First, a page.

# A Basic PigeonHole Question

Question
Allison has a box of coloured ribbons. There are 12 red ribbons, 11 white ribbons, 10 yellow ribbons, 7 blue ribbons and 4 black ribbons. What is the least number of coloured ribbons Allison must take to ensure that she will have 6 ribbons of the same colour?

Solution

The Highest number of ribbons without having any 6 of the same colour is the case as follows:

5 red
5 white
5 yellow
5 blue
4 black

A total of
(5 x 4) + 4 = 24 ribbons

So, the above proves the “existence of a possibility” where we can choose 24 ribbons such that “no” 6 ribbons are of same colour.

Now if we have chosen (24 + 1) = 25 ribbons instead, the one more ribbon must either be red, white, yellow or blue causing a “6 ribbon of the same colour” to “always” happen in “any case/possibility”.

So, Answer = 25 Ribbons

QED

So, 25 ribbons is the “least” amount of ribbons to “always” ensure “some 6 ribbons” of “some colour” are all of the “same colour”.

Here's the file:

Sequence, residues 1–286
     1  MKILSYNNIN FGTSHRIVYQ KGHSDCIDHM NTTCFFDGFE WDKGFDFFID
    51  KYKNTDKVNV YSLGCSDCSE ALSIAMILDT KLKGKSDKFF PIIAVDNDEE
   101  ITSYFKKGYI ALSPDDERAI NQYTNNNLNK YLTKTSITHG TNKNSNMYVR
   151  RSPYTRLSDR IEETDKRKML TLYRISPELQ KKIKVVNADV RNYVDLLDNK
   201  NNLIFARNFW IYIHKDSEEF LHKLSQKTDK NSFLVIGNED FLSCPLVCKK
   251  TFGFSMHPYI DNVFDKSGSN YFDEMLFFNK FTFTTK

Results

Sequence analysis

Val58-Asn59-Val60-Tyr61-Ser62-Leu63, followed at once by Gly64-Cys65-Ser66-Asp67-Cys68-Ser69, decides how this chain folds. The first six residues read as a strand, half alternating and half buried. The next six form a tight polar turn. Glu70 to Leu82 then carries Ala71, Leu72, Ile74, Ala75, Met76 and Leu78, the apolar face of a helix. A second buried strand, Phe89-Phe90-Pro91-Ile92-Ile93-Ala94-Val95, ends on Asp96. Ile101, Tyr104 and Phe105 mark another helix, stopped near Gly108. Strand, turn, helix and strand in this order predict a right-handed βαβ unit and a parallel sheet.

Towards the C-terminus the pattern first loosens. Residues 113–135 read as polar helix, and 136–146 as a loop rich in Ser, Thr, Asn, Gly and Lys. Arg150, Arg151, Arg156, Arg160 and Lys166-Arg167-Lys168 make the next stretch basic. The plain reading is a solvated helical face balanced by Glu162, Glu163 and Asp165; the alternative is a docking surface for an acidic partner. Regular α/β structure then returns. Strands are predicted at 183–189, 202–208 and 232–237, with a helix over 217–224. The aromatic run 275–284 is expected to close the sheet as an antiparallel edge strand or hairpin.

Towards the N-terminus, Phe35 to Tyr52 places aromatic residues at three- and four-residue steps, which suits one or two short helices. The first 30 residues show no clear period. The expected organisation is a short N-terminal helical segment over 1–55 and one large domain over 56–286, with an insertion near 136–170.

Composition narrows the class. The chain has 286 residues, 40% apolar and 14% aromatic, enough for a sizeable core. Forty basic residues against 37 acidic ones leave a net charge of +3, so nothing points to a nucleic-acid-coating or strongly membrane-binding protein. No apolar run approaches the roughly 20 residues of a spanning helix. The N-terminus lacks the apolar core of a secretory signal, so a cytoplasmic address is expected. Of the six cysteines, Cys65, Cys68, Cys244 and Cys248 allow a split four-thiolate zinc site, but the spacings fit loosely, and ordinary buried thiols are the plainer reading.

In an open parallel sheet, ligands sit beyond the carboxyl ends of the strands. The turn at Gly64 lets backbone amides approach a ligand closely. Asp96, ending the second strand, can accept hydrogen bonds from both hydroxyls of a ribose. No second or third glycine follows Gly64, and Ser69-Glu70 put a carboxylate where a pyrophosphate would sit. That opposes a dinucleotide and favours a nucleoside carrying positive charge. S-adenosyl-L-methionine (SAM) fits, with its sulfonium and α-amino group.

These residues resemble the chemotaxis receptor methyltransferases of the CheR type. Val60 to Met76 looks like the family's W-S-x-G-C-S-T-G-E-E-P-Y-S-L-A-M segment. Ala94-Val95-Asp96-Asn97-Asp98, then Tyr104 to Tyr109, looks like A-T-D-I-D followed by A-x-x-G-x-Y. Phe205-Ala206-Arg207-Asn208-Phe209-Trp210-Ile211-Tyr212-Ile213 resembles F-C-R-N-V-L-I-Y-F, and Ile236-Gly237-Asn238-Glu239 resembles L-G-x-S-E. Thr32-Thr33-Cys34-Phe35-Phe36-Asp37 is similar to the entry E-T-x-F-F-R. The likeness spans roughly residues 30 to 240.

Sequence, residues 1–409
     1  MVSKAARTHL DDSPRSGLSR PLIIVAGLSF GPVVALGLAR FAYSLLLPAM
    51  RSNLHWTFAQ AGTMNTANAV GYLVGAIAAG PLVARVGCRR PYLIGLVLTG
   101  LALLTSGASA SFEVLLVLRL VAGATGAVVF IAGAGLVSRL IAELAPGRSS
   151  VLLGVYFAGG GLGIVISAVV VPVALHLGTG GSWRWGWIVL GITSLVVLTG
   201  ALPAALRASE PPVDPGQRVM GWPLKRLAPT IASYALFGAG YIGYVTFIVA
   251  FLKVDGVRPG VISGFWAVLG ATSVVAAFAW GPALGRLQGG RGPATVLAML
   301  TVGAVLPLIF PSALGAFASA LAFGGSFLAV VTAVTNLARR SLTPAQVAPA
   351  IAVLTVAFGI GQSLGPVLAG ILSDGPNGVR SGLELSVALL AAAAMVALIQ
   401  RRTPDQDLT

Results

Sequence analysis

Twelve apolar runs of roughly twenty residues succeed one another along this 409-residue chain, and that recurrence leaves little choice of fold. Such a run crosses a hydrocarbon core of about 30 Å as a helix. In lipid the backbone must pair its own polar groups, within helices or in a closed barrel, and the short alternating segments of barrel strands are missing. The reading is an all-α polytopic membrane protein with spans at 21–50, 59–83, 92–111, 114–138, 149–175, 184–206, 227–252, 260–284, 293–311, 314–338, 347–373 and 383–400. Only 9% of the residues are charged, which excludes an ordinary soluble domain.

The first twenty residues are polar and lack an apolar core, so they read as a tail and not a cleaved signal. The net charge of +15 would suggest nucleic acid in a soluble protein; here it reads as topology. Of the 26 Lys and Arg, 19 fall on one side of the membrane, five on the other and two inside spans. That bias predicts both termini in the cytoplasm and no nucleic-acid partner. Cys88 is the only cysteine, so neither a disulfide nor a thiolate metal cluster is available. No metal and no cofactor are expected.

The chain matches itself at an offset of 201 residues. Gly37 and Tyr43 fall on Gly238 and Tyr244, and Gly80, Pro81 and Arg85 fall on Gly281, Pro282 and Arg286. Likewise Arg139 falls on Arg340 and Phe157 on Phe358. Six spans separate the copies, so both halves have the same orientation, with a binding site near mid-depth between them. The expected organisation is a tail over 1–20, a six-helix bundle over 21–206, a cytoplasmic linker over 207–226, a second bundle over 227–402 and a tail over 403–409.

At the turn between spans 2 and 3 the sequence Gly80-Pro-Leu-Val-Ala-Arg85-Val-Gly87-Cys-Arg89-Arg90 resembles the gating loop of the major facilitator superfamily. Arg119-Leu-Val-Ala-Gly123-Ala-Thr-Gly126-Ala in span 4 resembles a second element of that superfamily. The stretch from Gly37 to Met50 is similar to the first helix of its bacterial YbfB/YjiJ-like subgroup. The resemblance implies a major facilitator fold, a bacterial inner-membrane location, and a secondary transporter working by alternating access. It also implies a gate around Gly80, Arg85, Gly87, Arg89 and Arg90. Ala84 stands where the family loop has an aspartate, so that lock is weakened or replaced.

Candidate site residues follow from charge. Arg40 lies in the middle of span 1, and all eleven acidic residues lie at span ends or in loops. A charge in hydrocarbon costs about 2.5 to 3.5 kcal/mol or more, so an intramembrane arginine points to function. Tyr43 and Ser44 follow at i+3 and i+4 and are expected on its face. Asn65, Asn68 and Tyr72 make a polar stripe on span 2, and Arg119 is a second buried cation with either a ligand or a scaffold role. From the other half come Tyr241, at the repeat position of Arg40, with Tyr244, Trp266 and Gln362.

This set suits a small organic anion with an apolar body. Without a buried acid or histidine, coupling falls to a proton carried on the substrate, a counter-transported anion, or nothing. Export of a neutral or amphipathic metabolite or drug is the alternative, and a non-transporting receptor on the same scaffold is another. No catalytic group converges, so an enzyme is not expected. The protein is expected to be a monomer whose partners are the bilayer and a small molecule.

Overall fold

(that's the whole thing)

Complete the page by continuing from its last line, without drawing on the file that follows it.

Why we need to choose 5 from each colour?
Because in “all other cases” where we choose more than 5 of any one of the colour, we already have “6 of the same colour” proving the claim in the problem with lesser ribbons.

So, we only need to construct the “Worst case scenario against” the problem statement which is done above to see the “maximum” number of ribbons which one can choose so that “no” 6 are of same colour is —-> 24 ribbons as described in the selection above.

So if we have 25 ribbons (one more than this ‘worst case scenario’), we will have “always” have 6 ribbons of the same colour.

And this is the “least” number required to force any 6 of the same colour to “exist” (could be any colour).

Meaning also that for “any” number greater than 25, we will “always have some 6 ribbons of same colour”.

But for any number of ribbons between 1 to 24, we may or may not have 6 ribbons of same colour (“not” guaranteed).

The maths problem wants the “guaranteed always” scenario with the “least number” which is “25” accordingly.